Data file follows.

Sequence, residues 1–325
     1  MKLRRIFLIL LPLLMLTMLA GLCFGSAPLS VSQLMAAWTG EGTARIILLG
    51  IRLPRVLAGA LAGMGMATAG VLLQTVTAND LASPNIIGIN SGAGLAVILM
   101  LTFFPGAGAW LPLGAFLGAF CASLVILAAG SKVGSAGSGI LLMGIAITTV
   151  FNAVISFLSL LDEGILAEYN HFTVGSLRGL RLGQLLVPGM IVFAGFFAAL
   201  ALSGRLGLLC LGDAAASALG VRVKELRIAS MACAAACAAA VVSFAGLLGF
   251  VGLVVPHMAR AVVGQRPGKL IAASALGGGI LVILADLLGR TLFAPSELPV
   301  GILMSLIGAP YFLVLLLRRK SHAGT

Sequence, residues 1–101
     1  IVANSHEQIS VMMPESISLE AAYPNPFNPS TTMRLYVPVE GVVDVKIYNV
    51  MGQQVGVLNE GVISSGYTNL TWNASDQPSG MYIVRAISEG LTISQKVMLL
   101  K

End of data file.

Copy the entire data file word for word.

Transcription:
Sequence, residues 1–325
     1  MKLRRIFLIL LPLLMLTMLA GLCFGSAPLS VSQLMAAWTG EGTARIILLG
    51  IRLPRVLAGA LAGMGMATAG VLLQTVTAND LASPNIIGIN SGAGLAVILM
   101  LTFFPGAGAW LPLGAFLGAF CASLVILAAG SKVGSAGSGI LLMGIAITTV
   151  FNAVISFLSL LDEGILAEYN HFTVGSLRGL RLGQLLVPGM IVFAGFFAAL
   201  ALSGRLGLLC LGDAAASALG VRVKELRIAS MACAAACAAA VVSFAGLLGF
   251  VGLVVPHMAR AVVGQRPGKL IAASALGGGI LVILADLLGR TLFAPSELPV
   301  GILMSLIGAP YFLVLLLRRK SHAGT

Sequence, residues 1–101
     1  IVANSHEQIS VMMPESISLE AAYPNPFNPS TTMRLYVPVE GVVDVKIYNV
    51  MGQQVGVLNE GVISSGYTNL TWNASDQPSG MYIVRAISEG LTISQKVMLL
   101  K